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Thu Dec 6, 2012, 04:02 PM

Mexican police brutality uncovered by human rights investigators

Mexican police brutality uncovered by human rights investigators

Four case of torture among alleged offences during inauguration of President Enrique Peña Nieto

Jo Tuckman in Mexico City
The Guardian, Thursday 6 December 2012 14.19 EST

A preliminary investigation by Mexico City's human rights commission has found evidence of police brutality and arbitrary detentions during the violent protests during last Saturday's inauguration of President Enrique Peña Nieto.

The ongoing investigation has identified at least four cases of possible torture, three of them involving electric shocks, as well as 22 cases of unjustified arrests among the 70 people still in jail in relation to the protests. Many of these face a preliminary charge of "attacks against the public peace", which carries a long prison term.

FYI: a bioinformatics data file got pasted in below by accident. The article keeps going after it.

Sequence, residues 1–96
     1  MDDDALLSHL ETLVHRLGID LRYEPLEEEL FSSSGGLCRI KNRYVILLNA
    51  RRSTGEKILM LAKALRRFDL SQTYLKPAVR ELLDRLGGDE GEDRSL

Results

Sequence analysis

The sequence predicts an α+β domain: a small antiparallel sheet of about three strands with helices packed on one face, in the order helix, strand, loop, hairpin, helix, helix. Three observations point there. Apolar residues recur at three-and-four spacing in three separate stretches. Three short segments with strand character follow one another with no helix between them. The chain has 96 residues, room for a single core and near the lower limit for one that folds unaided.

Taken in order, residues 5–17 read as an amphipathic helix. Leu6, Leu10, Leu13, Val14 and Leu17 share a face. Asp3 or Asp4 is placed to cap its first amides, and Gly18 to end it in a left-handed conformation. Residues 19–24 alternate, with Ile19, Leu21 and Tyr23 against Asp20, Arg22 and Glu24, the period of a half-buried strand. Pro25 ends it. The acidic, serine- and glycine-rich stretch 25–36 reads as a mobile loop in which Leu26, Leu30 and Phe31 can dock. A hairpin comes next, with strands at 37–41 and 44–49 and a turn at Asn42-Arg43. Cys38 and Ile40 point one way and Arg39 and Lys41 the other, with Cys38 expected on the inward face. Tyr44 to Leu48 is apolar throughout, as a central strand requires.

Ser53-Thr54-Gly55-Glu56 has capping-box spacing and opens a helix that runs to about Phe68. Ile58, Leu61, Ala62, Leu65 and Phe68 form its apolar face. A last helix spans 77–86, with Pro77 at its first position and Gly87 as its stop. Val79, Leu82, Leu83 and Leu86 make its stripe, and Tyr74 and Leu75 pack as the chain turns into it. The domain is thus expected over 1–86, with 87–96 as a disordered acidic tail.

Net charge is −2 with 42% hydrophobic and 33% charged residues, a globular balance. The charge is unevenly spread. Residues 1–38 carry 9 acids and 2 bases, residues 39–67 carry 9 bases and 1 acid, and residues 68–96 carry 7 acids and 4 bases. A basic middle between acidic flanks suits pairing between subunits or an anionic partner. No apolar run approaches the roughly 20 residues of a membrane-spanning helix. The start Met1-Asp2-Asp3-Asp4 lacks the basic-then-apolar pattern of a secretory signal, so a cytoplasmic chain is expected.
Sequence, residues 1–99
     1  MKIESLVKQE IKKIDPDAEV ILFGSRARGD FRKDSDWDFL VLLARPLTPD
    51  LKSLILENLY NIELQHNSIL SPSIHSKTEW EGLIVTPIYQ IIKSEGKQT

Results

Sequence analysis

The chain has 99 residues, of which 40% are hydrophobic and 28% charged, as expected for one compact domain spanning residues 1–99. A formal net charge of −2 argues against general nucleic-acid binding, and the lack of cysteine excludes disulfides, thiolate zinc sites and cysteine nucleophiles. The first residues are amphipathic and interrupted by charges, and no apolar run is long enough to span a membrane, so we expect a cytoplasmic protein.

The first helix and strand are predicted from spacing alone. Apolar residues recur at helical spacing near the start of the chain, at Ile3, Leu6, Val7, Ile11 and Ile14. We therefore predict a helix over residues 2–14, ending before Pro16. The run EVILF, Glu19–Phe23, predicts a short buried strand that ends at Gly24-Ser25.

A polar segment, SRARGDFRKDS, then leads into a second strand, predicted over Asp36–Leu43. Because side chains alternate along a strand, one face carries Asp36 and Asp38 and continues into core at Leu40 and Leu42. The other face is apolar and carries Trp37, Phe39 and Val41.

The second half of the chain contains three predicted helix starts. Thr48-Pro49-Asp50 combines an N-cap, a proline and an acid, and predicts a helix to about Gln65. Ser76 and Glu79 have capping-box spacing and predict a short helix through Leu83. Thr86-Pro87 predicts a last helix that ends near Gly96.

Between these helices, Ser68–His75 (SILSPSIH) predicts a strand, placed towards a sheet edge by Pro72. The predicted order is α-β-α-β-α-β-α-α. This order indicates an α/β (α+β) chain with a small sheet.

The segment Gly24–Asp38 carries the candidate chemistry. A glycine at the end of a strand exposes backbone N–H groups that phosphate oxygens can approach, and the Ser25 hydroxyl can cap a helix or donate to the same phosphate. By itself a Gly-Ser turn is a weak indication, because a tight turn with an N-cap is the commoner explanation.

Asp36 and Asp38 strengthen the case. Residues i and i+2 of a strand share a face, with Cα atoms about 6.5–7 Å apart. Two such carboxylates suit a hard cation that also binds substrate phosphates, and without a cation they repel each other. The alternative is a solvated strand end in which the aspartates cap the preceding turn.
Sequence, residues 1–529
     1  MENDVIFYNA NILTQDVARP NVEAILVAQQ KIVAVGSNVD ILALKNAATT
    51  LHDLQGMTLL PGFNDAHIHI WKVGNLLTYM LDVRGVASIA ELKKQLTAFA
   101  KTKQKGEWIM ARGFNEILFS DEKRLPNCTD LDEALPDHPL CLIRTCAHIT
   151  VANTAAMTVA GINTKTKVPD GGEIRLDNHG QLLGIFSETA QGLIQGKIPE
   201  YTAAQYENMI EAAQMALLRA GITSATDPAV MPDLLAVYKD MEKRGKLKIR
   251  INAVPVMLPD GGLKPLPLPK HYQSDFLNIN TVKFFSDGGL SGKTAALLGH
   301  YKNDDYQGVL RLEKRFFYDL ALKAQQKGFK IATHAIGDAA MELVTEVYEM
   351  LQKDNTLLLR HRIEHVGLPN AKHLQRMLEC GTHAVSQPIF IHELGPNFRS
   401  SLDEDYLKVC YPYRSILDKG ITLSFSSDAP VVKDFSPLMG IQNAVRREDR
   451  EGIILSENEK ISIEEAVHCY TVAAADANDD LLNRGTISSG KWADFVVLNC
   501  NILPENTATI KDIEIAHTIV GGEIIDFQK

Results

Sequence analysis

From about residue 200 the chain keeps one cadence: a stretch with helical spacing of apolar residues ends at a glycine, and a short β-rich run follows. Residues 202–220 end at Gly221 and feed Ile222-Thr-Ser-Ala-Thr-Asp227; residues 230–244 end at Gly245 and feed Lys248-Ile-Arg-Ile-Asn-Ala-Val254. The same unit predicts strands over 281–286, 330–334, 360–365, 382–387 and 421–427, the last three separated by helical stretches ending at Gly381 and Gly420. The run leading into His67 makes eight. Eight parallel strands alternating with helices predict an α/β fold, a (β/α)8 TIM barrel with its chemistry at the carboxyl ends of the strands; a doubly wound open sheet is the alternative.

"The important thing here is that the authorities provide convincing evidence that the people who are sanctioned were really involved in the events and that we don't see people criminalised who were protesting peacefully or, in some cases, not even participating in the protests," the head of the commission, Luis González Placencia, told MVS Noticias.

The day began with intense clashes between masked youths and federal police around 10ft high barricades set up to keep protesters away from the inauguration ceremony in the congressional chamber. These events left one protestor in a coma and another without the sight in one eye.


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